Tag - FileMaker
It all sounded so easy one week ago when we revealed that we were going to make a Job Book database in FileMaker Pro and for the most part, it has been very easy. We took a deep dive into fields on Wednesday which meant absorbing terms that might be new and using database calculations that –– to us anyway –– felt like Sudoku puzzles to be solved. Otherwise, though, it was a pretty smooth ride from idea to final working database. That's the key thing here: the database is working. It's a real database that we truly are using every day and as we keep saying, the way to learn something is to have a real project to do.
There is one thing we haven't mentioned in this entire project: we're here to make a Job Book database that records our commissions, but it is only useful if we can actually use it. All the planning we did, and then all of yesterday's detail work about fields and records -- what we want to note about the work we do -- is for nothing if we don't use the database. Full disclosure: sometimes we haven't. So, in this chapter, we're making the database not just usable, but pleasant to use, reducing the excuses to not use it.
Previously on this MacNN project, we realized we had a problem, and that a database would be the solution. To our mind, that means a FileMaker Pro solution. It means FileMaker in part because we've used that application in one-man companies and international media ones; it also means that because we've learned how flexible it is.
First, we realized we needed a database. Then, it took about a picosecond to realize that what we need is FileMaker Pro 14. This is a tool for making databases, from simple ones like ours up on to the tools that international corporations use. Whether you're a corporate level user or starting out, though, the steps involved in creating and using a new database are the same -- they're the steps and considerations we're using in this project to build a Job Book database.
We're building a Job Book in FileMaker Pro: a database that we are genuinely using in freelance work to log and do some basic tracking of the commissions we get. Last week we explained what this was about, and why we know it's the way to take a productive deep dive into the very powerful database app. Today we're doing something that might not sound right: we're leaving FileMaker Pro.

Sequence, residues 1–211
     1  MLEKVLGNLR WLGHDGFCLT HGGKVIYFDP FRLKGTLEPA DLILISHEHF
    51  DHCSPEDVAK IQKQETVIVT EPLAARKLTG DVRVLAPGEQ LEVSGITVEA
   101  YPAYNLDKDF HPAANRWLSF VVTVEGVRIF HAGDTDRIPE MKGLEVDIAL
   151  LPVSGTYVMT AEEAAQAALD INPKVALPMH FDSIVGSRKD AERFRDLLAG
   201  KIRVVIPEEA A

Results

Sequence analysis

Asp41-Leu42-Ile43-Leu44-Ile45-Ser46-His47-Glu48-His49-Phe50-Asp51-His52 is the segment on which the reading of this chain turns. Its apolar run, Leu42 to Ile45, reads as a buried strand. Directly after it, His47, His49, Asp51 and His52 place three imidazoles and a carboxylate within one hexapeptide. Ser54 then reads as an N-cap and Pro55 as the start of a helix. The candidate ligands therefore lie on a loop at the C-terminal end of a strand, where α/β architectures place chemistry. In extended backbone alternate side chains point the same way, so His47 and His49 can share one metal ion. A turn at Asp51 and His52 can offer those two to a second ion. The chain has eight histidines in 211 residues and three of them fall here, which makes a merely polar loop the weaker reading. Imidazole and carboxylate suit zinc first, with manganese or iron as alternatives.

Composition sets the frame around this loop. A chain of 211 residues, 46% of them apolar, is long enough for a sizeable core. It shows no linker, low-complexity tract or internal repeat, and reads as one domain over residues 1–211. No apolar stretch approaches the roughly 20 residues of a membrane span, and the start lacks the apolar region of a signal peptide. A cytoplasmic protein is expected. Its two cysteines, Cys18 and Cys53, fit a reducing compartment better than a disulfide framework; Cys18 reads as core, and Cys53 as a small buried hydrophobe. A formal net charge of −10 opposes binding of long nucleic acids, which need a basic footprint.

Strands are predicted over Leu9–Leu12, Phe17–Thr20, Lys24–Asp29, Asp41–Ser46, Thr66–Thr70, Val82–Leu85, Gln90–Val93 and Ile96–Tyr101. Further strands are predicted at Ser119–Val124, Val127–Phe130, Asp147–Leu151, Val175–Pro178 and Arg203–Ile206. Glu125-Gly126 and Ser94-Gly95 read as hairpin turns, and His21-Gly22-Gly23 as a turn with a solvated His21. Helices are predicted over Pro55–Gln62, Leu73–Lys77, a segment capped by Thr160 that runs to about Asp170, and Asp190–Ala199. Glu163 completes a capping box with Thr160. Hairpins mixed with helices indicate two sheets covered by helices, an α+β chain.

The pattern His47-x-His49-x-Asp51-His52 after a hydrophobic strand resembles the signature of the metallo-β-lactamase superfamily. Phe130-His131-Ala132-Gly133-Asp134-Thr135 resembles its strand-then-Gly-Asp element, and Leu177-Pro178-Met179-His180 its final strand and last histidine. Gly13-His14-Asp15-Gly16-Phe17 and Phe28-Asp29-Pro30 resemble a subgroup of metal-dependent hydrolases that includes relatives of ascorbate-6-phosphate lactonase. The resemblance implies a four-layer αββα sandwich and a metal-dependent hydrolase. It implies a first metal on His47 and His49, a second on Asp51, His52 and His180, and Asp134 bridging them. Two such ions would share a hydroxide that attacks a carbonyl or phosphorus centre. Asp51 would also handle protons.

FileMaker has launched a new software development kit to create fully native iOS apps, without using the existing FileMaker Go tool. The iOS App SDK can be used with existing FileMaker files to create the standalone database apps for iOS devices, with the release giving developers another way to produce applications using the Apple subsidiary's platform that are potentially faster and more lightweight compared to previous efforts.
Episode 15 of The MacNN Podcast is on the air! Regular shenanigans ensue, even if not perpetrated by the regular crowd. This week, we talk about Microsoft up to its old tricks with six versions of Windows 10 at retail, Xbox consoles bricked by Microsoft (or not), Cox Cable's cap testing, and much more!
Here's the thing. FileMaker Pro is a quietly spectacular app: it's for creating databases but for three decades now it has also created careers. There are people whose entire working lives have been devoted to creating databases in FileMaker Pro and they do it for lone freelancers, corner shop businesses and even corporations. Now a new FileMaker Pro 14 has been released for the app's 30th anniversary and, with one caveat, it is hugely recommended. Check our full review to see what we liked, and what we didn't.
Back in January, and during a review of the poor iDatabase, we lamented how database users have been abandoned by FileMaker's Bento app, and how we were struggling to replace it. Readers and developers alike chimed in with alternatives, and Tap Forms is a particularly strong one.
Its time for Friday Deals! Every Friday, we round up the best deals for you, the discerning MacNN and Electronista reader. As usual, all prices are verified at the time of publication, but may not be valid if you're reading this after the weekend, so check before buying. Check back frequently over the weekend, we like to add stuff!